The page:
What on the surface of it appears to run of the mill revenge action film set in London’s South East area is just that.

Montana, starts of with an intense execution scene as we see Serbian commando Dimitrije’s (Lars Mikkelson) wife and son killed. Fast forward many years and now Dimitrije has a beard, a limp and lives near the West Silvertown area of London. He spends his time acting as a local vigilante, slowly picking off local crime lord Lazarus’ cronies and chatting to friend Slavko (the always watch-able Zlatko Buric). Also walking the streets of East London is young Montana (McKell David). He trains as a boxer and dreams of becoming a big-time gangster like Ryan (Ashley Walters) and Pitt (Adam Deacon).


After a drug pick up goes wrong, Montana’s gangster buddies attempt to kill him only to be saved by Dimitrije who takes the teenager under his wing, trains him in the art of combat with the aim of taking down Lazarus – who it just so happens is about to end up going to war with Montana’s old gangster friends.

Managing to feel like a mix of Kidulthood, Eastern Promises and even The Karate Kid, Montana has the feel of a cinematic stew – everything’s been thrown in. Scenes showing Montana’s blossoming relationship with a local girl initially feel like they could be quite sweet but we miss the whole courting and the kids go from first awkward date to in a full relationship in five minutes. Most the scenes involving Ryan and Pitt are mostly filled with London rude boy cliches, every sentence ending with “ye get me?” whilst the crims all wearing shiney ill-tailored suits (there might be a point to that but they look stupid nonetheless).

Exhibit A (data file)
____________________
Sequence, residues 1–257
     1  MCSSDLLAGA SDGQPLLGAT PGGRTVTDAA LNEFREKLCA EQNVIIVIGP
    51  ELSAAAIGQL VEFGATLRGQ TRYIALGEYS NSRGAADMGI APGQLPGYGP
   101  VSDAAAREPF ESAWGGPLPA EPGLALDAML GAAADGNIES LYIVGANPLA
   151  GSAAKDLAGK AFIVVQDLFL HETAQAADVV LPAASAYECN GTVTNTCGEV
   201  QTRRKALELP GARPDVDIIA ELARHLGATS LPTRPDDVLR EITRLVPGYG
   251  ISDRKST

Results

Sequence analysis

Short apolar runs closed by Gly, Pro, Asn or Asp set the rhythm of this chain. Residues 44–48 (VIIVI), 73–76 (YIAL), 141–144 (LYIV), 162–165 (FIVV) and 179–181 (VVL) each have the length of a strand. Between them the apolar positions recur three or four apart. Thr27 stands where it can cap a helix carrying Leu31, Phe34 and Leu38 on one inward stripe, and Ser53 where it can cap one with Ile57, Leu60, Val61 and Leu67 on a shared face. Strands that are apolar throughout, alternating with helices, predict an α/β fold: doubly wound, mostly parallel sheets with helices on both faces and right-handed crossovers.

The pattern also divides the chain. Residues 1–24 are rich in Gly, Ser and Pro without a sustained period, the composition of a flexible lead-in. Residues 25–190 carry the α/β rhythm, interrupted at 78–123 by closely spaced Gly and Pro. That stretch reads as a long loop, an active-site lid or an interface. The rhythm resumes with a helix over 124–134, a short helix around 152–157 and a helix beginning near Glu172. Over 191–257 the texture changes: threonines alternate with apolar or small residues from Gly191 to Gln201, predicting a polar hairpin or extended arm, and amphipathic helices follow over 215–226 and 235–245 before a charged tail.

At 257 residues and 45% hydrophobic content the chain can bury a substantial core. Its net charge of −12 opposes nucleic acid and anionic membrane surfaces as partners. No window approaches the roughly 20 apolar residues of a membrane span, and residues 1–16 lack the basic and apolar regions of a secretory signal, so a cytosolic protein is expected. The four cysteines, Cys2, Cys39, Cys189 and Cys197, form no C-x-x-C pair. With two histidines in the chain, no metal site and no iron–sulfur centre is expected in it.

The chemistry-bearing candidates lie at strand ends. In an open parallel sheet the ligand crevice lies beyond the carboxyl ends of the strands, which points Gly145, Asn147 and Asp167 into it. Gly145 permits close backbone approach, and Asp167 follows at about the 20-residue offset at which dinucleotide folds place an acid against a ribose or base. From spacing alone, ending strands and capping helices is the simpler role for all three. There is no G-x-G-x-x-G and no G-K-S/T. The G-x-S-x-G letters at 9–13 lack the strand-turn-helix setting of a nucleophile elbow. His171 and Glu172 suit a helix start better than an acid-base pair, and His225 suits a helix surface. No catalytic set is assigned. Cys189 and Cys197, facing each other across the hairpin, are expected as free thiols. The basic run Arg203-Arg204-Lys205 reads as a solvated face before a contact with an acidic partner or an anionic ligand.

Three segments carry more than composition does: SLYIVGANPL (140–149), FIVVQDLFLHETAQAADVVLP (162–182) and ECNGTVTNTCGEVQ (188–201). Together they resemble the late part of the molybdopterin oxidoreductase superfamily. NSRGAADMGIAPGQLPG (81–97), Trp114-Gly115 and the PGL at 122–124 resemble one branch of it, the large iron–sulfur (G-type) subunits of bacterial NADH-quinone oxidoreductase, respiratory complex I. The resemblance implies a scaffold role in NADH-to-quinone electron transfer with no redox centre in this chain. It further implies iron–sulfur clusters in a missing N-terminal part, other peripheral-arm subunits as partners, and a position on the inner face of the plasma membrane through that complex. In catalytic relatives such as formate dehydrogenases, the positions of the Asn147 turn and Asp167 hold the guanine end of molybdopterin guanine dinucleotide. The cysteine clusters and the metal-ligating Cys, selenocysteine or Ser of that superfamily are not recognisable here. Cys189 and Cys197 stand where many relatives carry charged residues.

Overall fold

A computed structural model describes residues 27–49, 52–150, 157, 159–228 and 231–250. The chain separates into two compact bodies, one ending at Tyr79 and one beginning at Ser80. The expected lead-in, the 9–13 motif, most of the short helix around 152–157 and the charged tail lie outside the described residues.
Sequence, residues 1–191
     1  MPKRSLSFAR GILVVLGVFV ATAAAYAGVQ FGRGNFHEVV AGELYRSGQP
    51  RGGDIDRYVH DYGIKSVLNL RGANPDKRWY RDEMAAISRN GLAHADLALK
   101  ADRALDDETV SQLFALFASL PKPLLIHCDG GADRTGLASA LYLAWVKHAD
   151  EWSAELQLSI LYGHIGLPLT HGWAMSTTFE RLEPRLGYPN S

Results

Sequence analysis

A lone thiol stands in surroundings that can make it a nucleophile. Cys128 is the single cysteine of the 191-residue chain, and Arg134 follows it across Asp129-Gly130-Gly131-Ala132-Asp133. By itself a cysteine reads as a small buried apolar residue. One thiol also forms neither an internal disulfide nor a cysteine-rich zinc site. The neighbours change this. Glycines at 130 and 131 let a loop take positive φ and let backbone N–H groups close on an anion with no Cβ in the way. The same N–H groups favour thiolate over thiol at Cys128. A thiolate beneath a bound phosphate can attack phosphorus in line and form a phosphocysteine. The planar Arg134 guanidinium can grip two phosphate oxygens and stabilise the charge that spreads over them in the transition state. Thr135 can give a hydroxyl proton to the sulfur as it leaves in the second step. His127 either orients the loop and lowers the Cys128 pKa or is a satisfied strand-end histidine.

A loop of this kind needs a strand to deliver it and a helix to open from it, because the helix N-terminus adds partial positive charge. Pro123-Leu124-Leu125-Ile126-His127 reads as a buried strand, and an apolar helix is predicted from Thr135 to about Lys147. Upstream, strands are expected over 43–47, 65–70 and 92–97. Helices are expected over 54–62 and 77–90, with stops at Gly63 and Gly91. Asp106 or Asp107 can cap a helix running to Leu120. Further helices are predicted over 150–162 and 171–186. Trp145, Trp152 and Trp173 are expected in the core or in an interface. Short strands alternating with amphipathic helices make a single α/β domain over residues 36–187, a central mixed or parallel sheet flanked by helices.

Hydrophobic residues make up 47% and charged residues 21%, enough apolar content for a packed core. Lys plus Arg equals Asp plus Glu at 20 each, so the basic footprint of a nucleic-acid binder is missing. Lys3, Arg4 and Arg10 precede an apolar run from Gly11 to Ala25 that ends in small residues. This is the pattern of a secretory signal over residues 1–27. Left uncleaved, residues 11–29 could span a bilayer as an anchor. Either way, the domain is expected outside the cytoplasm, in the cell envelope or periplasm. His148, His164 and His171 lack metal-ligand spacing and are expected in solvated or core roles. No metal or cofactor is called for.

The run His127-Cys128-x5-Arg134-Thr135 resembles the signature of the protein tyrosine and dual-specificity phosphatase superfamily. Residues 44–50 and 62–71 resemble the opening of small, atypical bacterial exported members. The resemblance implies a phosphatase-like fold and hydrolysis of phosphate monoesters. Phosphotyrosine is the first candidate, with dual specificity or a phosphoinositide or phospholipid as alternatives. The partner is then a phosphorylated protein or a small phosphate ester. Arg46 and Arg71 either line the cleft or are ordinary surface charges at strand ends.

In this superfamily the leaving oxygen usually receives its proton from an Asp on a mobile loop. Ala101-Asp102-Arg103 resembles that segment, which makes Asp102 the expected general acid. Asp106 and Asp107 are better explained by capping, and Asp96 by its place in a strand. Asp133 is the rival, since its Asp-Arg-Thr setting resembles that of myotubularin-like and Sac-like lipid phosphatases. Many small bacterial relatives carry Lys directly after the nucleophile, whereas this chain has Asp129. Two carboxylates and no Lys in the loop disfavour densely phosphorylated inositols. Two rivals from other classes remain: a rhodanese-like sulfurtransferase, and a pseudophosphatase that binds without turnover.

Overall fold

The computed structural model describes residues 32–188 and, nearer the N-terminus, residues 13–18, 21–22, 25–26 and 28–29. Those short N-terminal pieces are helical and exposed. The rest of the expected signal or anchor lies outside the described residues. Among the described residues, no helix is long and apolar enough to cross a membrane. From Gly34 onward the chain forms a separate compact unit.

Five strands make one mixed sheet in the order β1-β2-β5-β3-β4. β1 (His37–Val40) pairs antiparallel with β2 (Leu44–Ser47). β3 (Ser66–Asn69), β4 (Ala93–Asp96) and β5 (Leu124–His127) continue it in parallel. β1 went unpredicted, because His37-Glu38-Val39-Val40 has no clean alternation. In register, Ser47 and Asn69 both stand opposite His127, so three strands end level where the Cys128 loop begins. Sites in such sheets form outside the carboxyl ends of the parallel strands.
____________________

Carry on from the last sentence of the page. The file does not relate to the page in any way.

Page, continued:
Dimitrije’s angel of death rampage is closely followed by bent copper Stephen (Brad Moore), with police procedural dialogue so compelling that it’s clear writer Jeremy Sheldon must have seen at least three episodes of The Bill. Same goes for any criminal related dialogue, it all sounds regurgitated from a dozen other crime films (something complained about in The Prince the other week). Adam Deacon puts in a spirited but ultimately grating performance. At the forefront though Lars Mikkelson and McKell David make an unlikely engaging double act.

There’s the standard student/master role which grows into something closer which ends up becoming surprisingly emotional. The action scenes are perfectly fine, nothing to write home about. Guns get shot. Fists get thrown. One scene feels entirely too reminiscent of the famous steam room fight from Eastern Promises for comfort. The film’s at it’s best when showing our anti-hero duo in conversation as haunted and deadly Serbian meets naive and angry East Ender. Montana aims to be a revenge thriller set in London but once the drama mixes with the faux East End gangsterisms,  it can’t help but feel like  just another British gangster.

Montana is released on Digital Download on January 19th and DVD on January 26th.